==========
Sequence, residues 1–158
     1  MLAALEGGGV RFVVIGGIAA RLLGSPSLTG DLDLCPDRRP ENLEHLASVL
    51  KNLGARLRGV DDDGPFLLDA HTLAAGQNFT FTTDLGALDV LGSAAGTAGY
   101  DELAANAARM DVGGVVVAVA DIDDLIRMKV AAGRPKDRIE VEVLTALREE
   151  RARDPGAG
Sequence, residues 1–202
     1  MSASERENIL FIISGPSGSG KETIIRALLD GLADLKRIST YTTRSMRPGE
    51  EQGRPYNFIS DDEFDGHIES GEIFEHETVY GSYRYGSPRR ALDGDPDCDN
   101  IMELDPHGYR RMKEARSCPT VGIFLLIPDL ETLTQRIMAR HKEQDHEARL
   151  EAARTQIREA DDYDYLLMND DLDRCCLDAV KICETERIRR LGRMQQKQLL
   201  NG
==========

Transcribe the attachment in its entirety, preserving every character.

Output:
Sequence, residues 1–158
     1  MLAALEGGGV RFVVIGGIAA RLLGSPSLTG DLDLCPDRRP ENLEHLASVL
    51  KNLGARLRGV DDDGPFLLDA HTLAAGQNFT FTTDLGALDV LGSAAGTAGY
   101  DELAANAARM DVGGVVVAVA DIDDLIRMKV AAGRPKDRIE VEVLTALREE
   151  RARDPGAG
Sequence, residues 1–202
     1  MSASERENIL FIISGPSGSG KETIIRALLD GLADLKRIST YTTRSMRPGE
    51  EQGRPYNFIS DDEFDGHIES GEIFEHETVY GSYRYGSPRR ALDGDPDCDN
   101  IMELDPHGYR RMKEARSCPT VGIFLLIPDL ETLTQRIMAR HKEQDHEARL
   151  EAARTQIREA DDYDYLLMND DLDRCCLDAV KICETERIRR LGRMQQKQLL
   201  NG